Category: Uncategorized

Developing Suppliers Using QC Inspection Data

Quality control inspections started out as a relatively primitive process, as a way of catching variance in newly developed production systems. The demand likely evolved as it does with many of Pro QC’s new clients. Someone got product from a supplier that didn’t meet their expectations. And, that meant increased costs, delays, impact on branding, etc. It’s a timeless tale.

Using Statistical Quality Control (SQC) starting in the 30s, the QC inspection introduced a reliable way of evaluating a randomly selected production lot. Inspections were conducted at different stages throughout the production process, with the most common being the pre-shipment inspection.

Historically, inspections were conducted and the result would be a go/no-go on the shipment. Sorting and rework were often the default way of handling issues, and the buyer felt assured of the quality and could rest easy knowing that the risk and cost were reduced for that particular order.

But, quality control has evolved into something bigger, more impactful than a singular check of product at a moment in time. For many companies, it has developed into a program of supplier development.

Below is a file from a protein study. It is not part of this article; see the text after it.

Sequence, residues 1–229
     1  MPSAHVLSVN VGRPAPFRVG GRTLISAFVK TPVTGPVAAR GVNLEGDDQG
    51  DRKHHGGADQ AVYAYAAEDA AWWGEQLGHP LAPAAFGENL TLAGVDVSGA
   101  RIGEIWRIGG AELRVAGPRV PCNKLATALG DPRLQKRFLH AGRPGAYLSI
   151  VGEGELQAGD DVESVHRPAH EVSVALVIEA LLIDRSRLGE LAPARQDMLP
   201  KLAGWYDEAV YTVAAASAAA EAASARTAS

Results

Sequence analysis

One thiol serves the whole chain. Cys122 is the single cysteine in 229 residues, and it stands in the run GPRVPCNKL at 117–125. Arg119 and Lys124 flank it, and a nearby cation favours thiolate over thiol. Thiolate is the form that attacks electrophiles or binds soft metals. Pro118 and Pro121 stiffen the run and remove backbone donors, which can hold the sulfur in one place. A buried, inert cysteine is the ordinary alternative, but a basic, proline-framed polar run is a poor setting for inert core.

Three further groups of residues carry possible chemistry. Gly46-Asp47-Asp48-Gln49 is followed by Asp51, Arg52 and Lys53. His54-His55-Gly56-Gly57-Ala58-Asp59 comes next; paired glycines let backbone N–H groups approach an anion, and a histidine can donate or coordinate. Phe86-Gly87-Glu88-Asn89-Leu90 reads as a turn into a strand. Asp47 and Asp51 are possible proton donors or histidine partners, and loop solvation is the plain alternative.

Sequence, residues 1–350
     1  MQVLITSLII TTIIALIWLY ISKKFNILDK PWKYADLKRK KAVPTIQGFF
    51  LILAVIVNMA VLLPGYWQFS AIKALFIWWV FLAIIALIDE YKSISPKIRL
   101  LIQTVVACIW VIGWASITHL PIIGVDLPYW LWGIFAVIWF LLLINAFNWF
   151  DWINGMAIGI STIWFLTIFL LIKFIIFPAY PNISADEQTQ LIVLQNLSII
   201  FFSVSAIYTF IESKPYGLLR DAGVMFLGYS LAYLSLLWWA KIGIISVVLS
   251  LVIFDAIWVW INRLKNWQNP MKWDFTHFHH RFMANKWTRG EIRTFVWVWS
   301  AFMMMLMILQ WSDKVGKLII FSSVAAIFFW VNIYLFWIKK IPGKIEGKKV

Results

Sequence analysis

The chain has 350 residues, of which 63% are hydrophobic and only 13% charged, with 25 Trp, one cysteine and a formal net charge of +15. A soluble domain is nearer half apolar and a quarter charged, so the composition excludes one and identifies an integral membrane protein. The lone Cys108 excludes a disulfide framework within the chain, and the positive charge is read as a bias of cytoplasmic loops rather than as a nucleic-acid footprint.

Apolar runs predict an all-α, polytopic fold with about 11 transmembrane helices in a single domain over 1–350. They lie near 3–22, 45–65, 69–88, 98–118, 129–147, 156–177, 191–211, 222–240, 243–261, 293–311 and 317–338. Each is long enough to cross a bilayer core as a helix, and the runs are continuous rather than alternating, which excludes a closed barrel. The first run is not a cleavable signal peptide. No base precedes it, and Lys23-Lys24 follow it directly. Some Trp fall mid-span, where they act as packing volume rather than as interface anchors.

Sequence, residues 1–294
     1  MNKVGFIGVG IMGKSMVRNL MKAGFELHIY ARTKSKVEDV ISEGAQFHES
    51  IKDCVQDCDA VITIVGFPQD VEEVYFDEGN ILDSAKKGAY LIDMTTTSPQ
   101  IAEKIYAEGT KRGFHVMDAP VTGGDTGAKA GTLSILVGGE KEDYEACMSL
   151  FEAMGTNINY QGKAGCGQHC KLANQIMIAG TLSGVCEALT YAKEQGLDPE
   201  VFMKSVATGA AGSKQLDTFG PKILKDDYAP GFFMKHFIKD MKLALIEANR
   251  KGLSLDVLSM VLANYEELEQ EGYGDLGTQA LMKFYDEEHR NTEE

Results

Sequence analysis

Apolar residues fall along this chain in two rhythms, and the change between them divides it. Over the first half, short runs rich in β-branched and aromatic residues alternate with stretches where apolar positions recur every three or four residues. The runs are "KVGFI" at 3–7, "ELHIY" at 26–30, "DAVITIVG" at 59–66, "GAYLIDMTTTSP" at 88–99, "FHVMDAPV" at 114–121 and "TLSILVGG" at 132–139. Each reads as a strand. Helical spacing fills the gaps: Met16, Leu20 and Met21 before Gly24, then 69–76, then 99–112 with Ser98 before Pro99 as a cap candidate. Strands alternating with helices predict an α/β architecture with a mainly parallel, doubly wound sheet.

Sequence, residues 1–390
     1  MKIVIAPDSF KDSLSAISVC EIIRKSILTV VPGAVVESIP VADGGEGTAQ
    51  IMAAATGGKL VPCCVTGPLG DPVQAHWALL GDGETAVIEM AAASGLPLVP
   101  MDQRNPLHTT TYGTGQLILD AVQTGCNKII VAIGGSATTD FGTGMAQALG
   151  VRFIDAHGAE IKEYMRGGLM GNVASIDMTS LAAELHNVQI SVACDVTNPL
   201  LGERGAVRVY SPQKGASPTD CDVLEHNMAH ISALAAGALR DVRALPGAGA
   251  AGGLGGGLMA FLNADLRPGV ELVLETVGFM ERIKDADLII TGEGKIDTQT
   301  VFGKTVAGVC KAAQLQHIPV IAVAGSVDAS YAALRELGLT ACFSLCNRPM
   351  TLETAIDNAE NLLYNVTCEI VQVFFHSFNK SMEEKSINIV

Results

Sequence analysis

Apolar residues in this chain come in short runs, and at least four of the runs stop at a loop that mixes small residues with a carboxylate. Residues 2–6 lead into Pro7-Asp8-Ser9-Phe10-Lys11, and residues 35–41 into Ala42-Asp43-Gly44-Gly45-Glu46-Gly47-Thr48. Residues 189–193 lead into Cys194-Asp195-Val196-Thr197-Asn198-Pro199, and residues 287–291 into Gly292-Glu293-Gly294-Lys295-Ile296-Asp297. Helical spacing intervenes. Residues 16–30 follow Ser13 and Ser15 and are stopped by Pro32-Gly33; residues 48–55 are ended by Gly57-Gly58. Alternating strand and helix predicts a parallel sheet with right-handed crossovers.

When Pro QC started, fax machines were the primary way of communicating inspection results and other details. There weren’t any online reports, videos, or digital photos. Imagine that.

Fast forward a few decades, and we now leverage our own supply chain management system that offers an in-depth look at the performance of suppliers using the data we capture while on-site.

What data do our clients find useful?

A product defectives analysis can include various details:

* Appearance attributes
* Functional attributes
* Labels and artwork
* Packaging and labeling
* Manufacturing
* Location
* Suppliers
* Product categories
* 80/20 – Top defects

In addition, product conformance analytics can be evaluated in a number of ways:

* Suppliers
* Location
* Product categories
* Quantity check
* Master packing
* Specifications
* Tests & measurements
* Workmanship
* 80/20 – Top non-conformance issues

As Deming reminds us, “In God we Trust, all others bring data.”

So, what’s the big picture?

Many clients meet regularly (often quarterly) with Pro QC and their suppliers to review performance. It’s an ideal time to discuss improvements, opportunities for cost reduction, etc.

A few actions resulting from this type of data analysis includes:

* Ability to identify when an issue is persistent and requires root cause investigation and corrective actions